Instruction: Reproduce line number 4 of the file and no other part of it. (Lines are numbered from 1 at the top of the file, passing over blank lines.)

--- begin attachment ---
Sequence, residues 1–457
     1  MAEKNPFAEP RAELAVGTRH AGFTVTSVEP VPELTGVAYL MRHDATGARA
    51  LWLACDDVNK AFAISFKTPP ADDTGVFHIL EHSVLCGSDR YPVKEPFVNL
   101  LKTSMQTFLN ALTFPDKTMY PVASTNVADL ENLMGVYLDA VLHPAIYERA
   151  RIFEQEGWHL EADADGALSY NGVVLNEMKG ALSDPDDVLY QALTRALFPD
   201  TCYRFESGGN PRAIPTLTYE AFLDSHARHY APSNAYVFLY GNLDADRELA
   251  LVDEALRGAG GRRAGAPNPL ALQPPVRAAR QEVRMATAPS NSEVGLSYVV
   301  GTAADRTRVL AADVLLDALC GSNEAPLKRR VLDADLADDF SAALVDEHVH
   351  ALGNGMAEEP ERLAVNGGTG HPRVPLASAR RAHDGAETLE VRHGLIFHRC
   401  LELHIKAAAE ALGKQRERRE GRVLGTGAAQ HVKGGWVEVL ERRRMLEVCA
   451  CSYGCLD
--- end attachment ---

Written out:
   101  LKTSMQTFLN ALTFPDKTMY PVASTNVADL ENLMGVYLDA VLHPAIYERA